On 4 November 2019 the Department of Internal Affairs announced a new project, ‘Re-imagining Regulation in the Age of AI’, which is to be co-sponsored by the New Zealand Government and the World Economic Forum (WEF). The project will “consider approaches to regulate artificial intelligence and bring a New Zealand perspective to a global discussion”.
While it is too early to say what will come out of this project in terms of regulation in New Zealand, the work of the Law Foundation may provide some insight. As noted in our June 2019 article (which can be found here), the Law Foundation is now part way through a three-year project to evaluate legal and policy implications of AI for New Zealand. To find out more about the DIA’s project please check the DIA’s website, assessable here.
This announcement follows the October 2019 release of a draft algorithm charter by the Government. The draft charter is based on recommendations of the 2018 reports into the use of algorithms in Government. For more information on the 2018 report please see our December 2018 article, which can be found here.
The draft charter proposes ten principles that Government agencies would sign up to and apply to the use of operational algorithms over the 5 year period from when the agency signs up.
The ten principles are:
• Clearly explain how significant decisions are informed by algorithms and be clear where this isn’t done for reasons of greater public good (for example, national security).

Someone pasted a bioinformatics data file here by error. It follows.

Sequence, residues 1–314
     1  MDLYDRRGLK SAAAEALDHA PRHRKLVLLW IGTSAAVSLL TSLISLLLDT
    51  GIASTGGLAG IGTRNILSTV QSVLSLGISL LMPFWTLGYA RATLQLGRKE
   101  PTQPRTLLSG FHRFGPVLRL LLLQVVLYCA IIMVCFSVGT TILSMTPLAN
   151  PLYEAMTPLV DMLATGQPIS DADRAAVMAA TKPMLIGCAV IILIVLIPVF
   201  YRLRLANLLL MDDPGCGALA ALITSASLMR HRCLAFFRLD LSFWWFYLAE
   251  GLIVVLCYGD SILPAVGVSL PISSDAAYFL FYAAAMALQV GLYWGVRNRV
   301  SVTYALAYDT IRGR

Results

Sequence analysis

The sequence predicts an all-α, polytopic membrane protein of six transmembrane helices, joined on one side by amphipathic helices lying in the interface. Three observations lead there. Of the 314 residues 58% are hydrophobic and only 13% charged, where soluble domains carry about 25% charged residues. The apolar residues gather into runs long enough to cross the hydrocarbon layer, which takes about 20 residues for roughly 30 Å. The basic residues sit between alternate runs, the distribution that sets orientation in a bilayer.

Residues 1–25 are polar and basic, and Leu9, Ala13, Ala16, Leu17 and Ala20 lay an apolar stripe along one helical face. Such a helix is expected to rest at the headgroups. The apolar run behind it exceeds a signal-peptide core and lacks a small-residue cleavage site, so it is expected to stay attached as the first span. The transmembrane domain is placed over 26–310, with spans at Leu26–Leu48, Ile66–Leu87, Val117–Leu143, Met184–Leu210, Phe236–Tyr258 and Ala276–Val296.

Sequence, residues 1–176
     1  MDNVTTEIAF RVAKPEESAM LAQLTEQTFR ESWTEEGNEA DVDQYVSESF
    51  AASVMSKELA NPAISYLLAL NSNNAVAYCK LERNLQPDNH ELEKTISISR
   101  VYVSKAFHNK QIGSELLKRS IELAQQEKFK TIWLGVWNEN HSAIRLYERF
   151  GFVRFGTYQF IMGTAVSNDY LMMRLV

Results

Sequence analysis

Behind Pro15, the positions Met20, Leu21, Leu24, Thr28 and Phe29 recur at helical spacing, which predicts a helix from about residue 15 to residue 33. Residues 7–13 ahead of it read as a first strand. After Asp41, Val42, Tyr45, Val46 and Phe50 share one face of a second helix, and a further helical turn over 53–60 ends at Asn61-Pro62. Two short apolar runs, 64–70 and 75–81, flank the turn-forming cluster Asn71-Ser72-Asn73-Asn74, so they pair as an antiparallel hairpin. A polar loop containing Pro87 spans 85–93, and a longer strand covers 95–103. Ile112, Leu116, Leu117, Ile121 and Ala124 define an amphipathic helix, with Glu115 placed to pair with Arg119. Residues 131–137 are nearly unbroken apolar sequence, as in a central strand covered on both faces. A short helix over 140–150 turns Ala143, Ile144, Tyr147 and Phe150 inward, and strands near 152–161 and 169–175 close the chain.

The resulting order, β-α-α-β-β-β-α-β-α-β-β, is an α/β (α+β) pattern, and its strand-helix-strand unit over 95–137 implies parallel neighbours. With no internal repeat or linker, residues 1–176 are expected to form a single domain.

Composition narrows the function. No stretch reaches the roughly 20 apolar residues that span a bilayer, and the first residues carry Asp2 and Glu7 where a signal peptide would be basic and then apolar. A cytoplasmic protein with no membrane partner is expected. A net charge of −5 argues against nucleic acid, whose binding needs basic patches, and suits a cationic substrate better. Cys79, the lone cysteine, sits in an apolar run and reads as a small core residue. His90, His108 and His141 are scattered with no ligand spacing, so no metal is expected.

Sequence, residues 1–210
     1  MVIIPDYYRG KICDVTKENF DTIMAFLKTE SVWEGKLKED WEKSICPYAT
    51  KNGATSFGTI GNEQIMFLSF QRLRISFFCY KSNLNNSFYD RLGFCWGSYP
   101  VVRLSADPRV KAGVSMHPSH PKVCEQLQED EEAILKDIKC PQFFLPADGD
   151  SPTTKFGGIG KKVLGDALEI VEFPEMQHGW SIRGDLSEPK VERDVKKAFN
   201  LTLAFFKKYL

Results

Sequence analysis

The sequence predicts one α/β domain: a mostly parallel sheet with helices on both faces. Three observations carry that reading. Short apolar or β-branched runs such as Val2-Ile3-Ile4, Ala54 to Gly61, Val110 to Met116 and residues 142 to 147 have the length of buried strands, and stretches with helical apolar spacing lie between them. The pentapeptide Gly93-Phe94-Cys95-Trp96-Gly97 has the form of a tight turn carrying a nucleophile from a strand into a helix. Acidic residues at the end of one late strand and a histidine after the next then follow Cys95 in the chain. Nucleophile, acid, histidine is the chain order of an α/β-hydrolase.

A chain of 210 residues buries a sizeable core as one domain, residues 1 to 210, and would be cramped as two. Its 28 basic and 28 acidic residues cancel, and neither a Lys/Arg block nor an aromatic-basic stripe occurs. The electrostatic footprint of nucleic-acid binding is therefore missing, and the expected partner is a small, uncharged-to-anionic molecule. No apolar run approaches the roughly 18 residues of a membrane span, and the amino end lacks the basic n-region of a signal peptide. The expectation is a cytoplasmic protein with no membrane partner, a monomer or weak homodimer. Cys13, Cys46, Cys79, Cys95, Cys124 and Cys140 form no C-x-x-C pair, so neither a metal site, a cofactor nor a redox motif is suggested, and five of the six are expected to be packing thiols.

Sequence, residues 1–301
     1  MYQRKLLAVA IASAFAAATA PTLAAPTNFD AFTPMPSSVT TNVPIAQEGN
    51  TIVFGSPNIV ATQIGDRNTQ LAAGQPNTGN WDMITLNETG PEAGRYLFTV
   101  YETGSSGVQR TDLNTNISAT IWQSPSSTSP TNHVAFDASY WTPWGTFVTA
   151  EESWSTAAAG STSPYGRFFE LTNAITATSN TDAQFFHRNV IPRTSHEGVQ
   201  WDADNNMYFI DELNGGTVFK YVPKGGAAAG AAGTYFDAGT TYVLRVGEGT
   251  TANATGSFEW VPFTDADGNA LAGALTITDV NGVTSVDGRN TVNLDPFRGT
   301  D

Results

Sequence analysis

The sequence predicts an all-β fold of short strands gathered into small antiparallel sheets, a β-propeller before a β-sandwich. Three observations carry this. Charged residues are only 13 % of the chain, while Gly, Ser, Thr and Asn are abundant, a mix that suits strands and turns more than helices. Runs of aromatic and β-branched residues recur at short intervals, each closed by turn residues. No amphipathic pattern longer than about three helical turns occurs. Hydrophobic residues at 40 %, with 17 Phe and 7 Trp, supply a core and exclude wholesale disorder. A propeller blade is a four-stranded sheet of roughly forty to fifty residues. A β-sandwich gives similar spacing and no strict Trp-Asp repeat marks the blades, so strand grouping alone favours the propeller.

• Embed a Te Ao Māori perspective in algorithm development or procurement.
• Take into account the perspectives of communities, such as LGBTQI+, Pasifika and people with disabilities as appropriate.
• Identify and consult with groups or stakeholders with an interest in algorithm development.
• Publish information about how data are collected and stored.
• Upon request, offer technical information about algorithms and the data they use.
• Use tools and processes to ensure that privacy, ethics, and human rights considerations are integrated as a part of algorithm development and procurement.
• Regularly collect and review data relating to the implementation and operation of algorithms, and periodically assess this for unintended consequences, for example bias.
• Have a robust approach for peer-reviewing these findings.
• Clearly explain who is responsible for automated decisions and what methods exist for challenge or appeal via a human.
At this stage the Government is seeking feedback on the 10 principles. Feedback can be given until 31 December 2019. If you wish to provide feedback on the draft charter you can do so via the Department of Statistics, by email to firstname.lastname@example.org. Alternatively, get in touch with your usual Lane Neave lawyer to help you provide feedback.
Once finalised, we suggest anyone using alorithms in decision making should consider incorporating these principles into their operational processes.
Business Law team
Gerard Dale, Claire Evans, Graeme Crombie, Evelyn Jones, Anna Ryan, Joelle Grace, Peter Orpin, Ellen Sewell, Matt Tolan, Carlo Wan, Kristina Sutherland, Jacob Nutt, Whitney Moore, Alex Stone, Ben Cooper
Click here for other Corporate Law articles.